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As first reported in The Lawyer (14 November), Freshfields' corporate group is piloting a system that involves senior associates in the process of assigning work to their peers.
The allocation of work was previously overseen solely by partners. Freshfields' head of corporate Tim Jones explained that increasing pressure on partners' time had prompted the group to consider consulting associates in order to ensure an even spread of work.
Linklaters is implementing a similar approach. The corporate group is introducing 'work-allocation partners', who are responsible for ensuring matters are distributed fairly between associates in terms of volume and types of transactions.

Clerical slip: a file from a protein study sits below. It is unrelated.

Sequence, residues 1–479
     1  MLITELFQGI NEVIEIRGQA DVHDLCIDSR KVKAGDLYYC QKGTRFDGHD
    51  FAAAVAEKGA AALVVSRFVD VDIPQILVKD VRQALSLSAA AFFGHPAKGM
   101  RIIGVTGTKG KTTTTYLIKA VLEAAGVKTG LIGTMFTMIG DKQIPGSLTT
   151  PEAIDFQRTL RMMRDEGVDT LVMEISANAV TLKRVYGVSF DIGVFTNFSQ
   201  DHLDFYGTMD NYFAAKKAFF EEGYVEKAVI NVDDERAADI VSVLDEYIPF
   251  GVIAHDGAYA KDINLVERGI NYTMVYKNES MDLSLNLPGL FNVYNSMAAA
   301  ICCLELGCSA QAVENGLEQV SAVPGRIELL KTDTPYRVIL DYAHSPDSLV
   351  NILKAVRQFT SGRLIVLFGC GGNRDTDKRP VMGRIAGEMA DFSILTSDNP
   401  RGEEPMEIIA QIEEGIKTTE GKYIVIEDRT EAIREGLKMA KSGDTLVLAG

Linklaters global head of corporate David Barnes said the group had been rolling out the system during the past couple of months, as a result of the increasing workload within the corporate practice.
The change in approach follows a dramatic upturn in corporate activity, which has seen manny of the City's firms report robust half-year financial results.
Linklaters' new system replaces a less coordinated approach, in which associates were required to complete a form detailing their current workload at the end of each week. Slaughter and May also uses feedback forms, despite concerns that this and other less coordinated approaches can lead to preferential treatment of certain associates.
A corporate partner at Slaughters said: "We think it's very important that associates get to work with different partners. It's important for someone's career development to learn from the different styles used by partners."